At The Financial Times: Tony Barber as Cassandra, a comment by Political Reporter

Headline: ‘Brexit deals a grievous blow to the international order’

Sub-headline: ‘The repercussions in Europe will be incalculable, writes Tony Barber’

To what international order does Mr. Barber refer ? The Neo-Liberal order collapsed with a deafening crash in 2008. It’s taken eight years for the news to reach the Elites at The Financial Times, by way of  Mr. Cameron’s bad political bet? Not to gloat, but what a gross political miscalculation, even maladroitly career ending for Cameron. The perpetually repeated Party Line of this newspaper of The Rebellion Against The Elites, indulged in with abandon by the editors: was the writing on the wall, to those willing to read the message, no matter how obscurely spelled out, in the rise of the dreaded ‘Populists’ of both ‘Left’ and ‘Right’? Should we note the rise of Jeremy Corbyn as indicative of that political discontent? Or the treatment of the Greeks by Germany, a four time defaulter, headed by Merkel and her political confederate the European Central Bank? This, the starkest kind of object lessons, about the judgement of ‘The Virtuous Norther Tier’, as the real arbiters of the ruthless cartel called the EU, the precursor of the projected European Super State? But Mr. Barber in his opening paragraph strikes a Cassandra like pose: hysterical melodrama is never amiss:

Make no mistake about it. Britain’s vote to leave the EU is the most damaging blow ever inflicted on the liberal democratic international order that was created under US auspices after 1945. Pandora’s box is well and truly open.

Or the second paragraph mentioning ‘Moscow, Pyongyang and the hiding places of assorted terrorists.’ The friends/allies of Britain and the current political monsters are invoked :

All Britain’s allies and friends, from Australia, Canada, India, Japan and the US to London’s 27 EU partners, urged British voters to vote Remain. It is hard to think of anyone beyond Britain’s borders who will rejoice at the referendum result outside Moscow, Pyongyang and the hiding places of assorted terrorists.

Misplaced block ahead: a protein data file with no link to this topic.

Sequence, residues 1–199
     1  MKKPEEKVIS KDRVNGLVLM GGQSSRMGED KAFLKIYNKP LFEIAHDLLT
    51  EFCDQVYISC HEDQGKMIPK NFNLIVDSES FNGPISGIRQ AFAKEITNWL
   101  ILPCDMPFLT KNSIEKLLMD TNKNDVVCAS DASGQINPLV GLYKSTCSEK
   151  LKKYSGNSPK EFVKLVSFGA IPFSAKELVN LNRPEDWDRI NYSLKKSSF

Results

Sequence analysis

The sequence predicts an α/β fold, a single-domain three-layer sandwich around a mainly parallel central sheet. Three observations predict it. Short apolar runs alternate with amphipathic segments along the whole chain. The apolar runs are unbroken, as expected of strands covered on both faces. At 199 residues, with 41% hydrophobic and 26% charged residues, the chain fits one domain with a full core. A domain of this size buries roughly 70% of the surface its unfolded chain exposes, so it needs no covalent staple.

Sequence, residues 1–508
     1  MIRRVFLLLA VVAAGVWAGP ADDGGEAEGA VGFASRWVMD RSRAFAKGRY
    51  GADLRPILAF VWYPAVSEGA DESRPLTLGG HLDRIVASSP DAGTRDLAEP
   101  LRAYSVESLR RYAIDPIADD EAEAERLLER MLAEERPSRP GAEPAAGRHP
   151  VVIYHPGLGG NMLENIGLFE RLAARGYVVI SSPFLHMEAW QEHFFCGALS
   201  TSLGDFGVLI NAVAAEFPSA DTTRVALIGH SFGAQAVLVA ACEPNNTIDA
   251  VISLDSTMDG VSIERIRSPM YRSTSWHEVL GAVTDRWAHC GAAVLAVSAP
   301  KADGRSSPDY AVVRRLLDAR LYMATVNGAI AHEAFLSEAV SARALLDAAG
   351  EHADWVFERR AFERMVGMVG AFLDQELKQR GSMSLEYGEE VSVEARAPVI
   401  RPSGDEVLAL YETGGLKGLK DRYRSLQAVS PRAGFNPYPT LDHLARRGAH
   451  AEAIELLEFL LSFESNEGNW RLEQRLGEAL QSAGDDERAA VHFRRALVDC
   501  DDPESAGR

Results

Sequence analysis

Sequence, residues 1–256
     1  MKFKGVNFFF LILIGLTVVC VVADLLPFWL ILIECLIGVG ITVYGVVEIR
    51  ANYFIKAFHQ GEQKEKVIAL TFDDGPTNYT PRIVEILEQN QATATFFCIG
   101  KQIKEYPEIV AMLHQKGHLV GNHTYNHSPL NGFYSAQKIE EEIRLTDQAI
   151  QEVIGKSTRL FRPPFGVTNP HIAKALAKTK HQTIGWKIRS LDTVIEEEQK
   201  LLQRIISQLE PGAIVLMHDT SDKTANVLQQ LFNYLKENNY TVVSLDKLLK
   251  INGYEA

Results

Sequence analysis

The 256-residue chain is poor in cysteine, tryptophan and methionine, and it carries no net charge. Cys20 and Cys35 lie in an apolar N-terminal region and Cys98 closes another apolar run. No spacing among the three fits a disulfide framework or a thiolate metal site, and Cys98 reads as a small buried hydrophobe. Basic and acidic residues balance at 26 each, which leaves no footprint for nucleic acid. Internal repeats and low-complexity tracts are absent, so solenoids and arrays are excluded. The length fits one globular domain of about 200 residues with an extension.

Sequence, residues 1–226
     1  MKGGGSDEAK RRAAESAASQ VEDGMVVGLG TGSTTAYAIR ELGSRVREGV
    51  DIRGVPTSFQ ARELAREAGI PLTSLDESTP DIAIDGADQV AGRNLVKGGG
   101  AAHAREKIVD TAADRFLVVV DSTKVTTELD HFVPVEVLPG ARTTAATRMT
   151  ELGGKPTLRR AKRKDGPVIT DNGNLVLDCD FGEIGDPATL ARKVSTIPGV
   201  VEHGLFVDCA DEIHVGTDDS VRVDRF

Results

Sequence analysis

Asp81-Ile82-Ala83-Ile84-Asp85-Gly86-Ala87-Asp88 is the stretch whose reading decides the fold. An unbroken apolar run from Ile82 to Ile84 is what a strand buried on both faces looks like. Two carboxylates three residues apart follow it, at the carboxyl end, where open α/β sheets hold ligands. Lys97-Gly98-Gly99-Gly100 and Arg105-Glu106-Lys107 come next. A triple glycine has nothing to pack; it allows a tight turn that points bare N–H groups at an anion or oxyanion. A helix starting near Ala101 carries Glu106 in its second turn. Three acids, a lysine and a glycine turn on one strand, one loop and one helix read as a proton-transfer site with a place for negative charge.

Mr. Barber, in the remainder of his essay, continues his role as Cassandra, yet in this incarnation of the role, Mr. Barber conceives himself as Prophet, whose readers eagerly await his pronouncements of doom.

A modest proposal: might the EU, in light of Brexit,  call for a European Constitutional Convention, in which all member states, Britain being an invited guest/participant, engage in a full scale debate about the  ‘reform’ of the union into an actual democracy. Or, at the least, begin a dialogue about such institutional reform, as a beginning to realize the actuality of union based upon functioning democratic principles, backed by the force of law. The stunning lack of political imagination, nor a persistent ideological myopia, of both The Financial Times and Mr. Barber could not be more starkly demonstrated!

Political Reporter

About stephenkmacksd

Rootless cosmopolitan,down at heels intellectual;would be writer. 'Polemic is a discourse of conflict, whose effect depends on a delicate balance between the requirements of truth and the enticements of anger, the duty to argue and the zest to inflame. Its rhetoric allows, even enforces, a certain figurative licence. Like epitaphs in Johnson’s adage, it is not under oath.'
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